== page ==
- 355 views
Stretching 155km in the Jujuy province, Quebrada de Humahuaca is a mountain valley that is not only intensely stunning but also tells Argentina’s story from 10,000 years ago. A strong amalgam of history and surreal landscapes, the valley was rightfully declared a UNESCO World Heritage Site. Today, tourists visit the valley to witness the scenic grandeur that has adorned many magazine covers and to (un)knowingly follow in the footsteps of a historic cultural caravan road used by the Inca Empire in the 15th century.
The mountains of Quebrada de Humahuaca flaunt waves of colors, ranging from rich bands of red, vibrant pink, creamy white, and patches of green. Nestled in amongst this stunning backdrop are quaint towns and villages, all with their own unique experiences and attractions. And while tourism is flourishing in this part of the high Andes, it still retains its mystical charm, making a trip here one that is unforgettable.
1. Cerro de los Siete Colores
The Cerro de los Siete Colores (or the Hills of Seven Colours) is a breathtaking sight. Located just outside of the town of Purmamarca, the Hills are composed of seven different types of rock, which results in a diverse range of colours. From pink to red to white, these waves of colour emerge from the ground, creating a picturesque backdrop for the town below. The Cerro de los Siete Colores is truly a feast for the eyes.
- Visit within the first 45 minutes after dawn for the most vibrant display of colours.
- Experience the hills on horseback by organizing a special tour.
- Take in spectacular views by hiking one of the two hiking trails through the hills. In just ten minutes (or an hour, depending on which trail you pick), you’ll find yourself staring out at this geological wonder.
2. Serranía de Hornocal
The Serrania de Hornocal is a mountain range like no other. Located 25km outside of the city of Humahuaca, the Serrania de Hornocal appears as a jagged row of teeth-like rocks. Centuries of erosion have uncovered limestone bands of vibrant reds, pinks and whites across the range. Rumour has it that up to 33 different colours flow across this natural wonder.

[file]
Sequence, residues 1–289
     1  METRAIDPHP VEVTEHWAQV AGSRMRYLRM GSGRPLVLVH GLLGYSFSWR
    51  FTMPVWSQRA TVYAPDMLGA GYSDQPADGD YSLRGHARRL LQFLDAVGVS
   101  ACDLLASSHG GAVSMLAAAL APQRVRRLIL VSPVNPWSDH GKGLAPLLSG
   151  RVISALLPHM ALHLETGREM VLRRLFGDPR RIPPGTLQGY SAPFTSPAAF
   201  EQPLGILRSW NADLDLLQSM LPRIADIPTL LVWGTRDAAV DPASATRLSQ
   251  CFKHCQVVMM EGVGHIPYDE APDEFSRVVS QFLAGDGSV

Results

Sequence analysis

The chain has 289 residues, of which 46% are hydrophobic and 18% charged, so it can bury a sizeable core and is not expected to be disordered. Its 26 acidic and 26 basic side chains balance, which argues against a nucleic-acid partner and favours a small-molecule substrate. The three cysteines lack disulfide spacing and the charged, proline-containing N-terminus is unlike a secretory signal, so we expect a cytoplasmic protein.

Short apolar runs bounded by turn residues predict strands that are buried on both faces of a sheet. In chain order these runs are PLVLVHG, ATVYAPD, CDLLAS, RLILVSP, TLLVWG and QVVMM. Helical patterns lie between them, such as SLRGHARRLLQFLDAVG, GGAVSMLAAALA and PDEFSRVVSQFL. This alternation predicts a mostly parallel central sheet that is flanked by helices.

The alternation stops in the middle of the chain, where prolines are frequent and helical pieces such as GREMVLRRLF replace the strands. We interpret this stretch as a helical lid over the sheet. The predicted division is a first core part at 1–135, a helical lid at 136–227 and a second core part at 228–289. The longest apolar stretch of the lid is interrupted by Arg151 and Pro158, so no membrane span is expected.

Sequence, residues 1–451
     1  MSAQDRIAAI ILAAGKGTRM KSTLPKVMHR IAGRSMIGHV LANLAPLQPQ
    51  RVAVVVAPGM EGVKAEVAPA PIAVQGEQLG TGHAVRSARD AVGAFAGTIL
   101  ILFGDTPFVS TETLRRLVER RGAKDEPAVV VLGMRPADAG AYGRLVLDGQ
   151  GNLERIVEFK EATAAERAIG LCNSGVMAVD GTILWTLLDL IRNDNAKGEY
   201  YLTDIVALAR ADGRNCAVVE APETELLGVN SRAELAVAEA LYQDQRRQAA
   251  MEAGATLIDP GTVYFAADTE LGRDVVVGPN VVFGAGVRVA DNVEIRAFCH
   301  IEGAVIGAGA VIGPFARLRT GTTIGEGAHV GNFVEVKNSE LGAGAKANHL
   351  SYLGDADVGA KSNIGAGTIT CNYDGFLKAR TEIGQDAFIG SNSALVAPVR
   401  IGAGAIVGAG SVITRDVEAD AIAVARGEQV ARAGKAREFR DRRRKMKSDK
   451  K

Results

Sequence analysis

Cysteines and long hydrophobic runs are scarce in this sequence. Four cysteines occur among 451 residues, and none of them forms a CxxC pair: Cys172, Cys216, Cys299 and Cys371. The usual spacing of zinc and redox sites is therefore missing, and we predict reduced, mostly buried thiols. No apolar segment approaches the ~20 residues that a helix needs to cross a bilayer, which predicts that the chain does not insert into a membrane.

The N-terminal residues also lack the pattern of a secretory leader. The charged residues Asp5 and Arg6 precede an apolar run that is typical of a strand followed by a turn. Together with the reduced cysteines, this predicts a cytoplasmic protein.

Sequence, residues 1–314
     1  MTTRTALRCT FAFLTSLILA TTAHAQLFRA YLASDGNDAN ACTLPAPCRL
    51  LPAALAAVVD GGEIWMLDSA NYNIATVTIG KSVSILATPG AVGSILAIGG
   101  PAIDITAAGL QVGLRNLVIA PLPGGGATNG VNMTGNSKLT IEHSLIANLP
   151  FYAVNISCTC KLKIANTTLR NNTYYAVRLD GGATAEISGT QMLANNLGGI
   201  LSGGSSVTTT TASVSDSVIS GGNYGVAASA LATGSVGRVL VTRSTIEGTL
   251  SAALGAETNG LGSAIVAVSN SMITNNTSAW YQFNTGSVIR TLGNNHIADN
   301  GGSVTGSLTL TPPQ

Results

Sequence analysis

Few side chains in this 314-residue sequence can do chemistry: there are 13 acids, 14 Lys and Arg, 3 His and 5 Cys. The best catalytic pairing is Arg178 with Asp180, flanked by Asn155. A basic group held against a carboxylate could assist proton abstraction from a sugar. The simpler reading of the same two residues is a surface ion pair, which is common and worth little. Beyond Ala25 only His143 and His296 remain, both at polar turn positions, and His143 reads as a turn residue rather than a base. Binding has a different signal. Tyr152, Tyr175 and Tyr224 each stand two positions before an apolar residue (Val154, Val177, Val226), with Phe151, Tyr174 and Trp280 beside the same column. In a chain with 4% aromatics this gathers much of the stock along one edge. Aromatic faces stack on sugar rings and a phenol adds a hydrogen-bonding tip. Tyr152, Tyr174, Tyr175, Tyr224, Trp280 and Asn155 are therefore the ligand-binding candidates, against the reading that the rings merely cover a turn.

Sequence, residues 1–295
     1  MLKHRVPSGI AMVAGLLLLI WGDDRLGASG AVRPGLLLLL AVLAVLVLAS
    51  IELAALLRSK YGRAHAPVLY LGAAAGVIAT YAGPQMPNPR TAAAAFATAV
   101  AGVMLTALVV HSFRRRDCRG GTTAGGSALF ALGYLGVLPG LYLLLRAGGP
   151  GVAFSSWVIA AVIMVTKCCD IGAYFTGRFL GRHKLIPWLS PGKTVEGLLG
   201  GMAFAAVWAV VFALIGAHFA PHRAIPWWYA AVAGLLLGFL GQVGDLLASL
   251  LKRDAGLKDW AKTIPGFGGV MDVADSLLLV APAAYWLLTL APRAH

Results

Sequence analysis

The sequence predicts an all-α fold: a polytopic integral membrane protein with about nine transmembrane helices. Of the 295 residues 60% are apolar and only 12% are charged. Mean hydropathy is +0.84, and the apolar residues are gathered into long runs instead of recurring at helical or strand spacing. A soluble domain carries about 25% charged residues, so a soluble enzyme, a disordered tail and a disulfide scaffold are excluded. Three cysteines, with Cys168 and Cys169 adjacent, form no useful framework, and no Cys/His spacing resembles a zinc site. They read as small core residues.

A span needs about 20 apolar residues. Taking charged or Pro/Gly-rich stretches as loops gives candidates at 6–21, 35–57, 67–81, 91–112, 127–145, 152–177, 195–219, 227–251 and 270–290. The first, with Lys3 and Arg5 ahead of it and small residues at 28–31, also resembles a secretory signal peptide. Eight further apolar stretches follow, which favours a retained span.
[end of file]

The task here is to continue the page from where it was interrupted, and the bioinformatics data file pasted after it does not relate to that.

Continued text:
- Atop the mountain is a stunning viewpoint of the peaks and valley below. Entrance to the viewpoint is USD 3* per vehicle.
- Visit after 4 pm, when the western sun illuminates the ranges’ vivid colours.
- It’s best to visit the Serrania de Hornocal via car or organized tour.
3. Pucará de Tilcara
The Pucara de Tilcara is a pre-Incan fortification that dates back more than 10,000 years. Located just outside of the town of Tilcara, the Pucara de Tilcara commands views of the river ball in both directions, offering stunning views of the surrounding scenery. Discovered in 1908, the Pucara de Tilcara was declared a national monument in 2000. Step back in time and explore the Pucara’s 10-room museum displaying more than 5,000 valuable historical artefacts.
- Entry to the Pucara de Tilcara is USD 5 for an adult and around USD 1 for students. Admission includes entry to the Museo Arqueologico, another museum dedicated to the indigenous tribes of the region.
- The Pucara de Tilcara is open every day from 9:00 – 18:00.
4. Old Church of Uquia
Uquia is a small rustic village famous for its old church. The San Francisco de Paula Church dates back to the 17th century and was declared a national historical monument in 1941. Although relatively small, the church is famous for its art-covered walls. Depicting angels with guns and flamingo wings, the “Los Angeles Arcabuceros” painting was brought to Uquia from Cusco during the colonial period.
- Admission and entry are by donation
- Open most days from 9:00 – 12:00 and 13:30 – 17:30
- Marvel at the art and enjoy the views from the quaint and charming church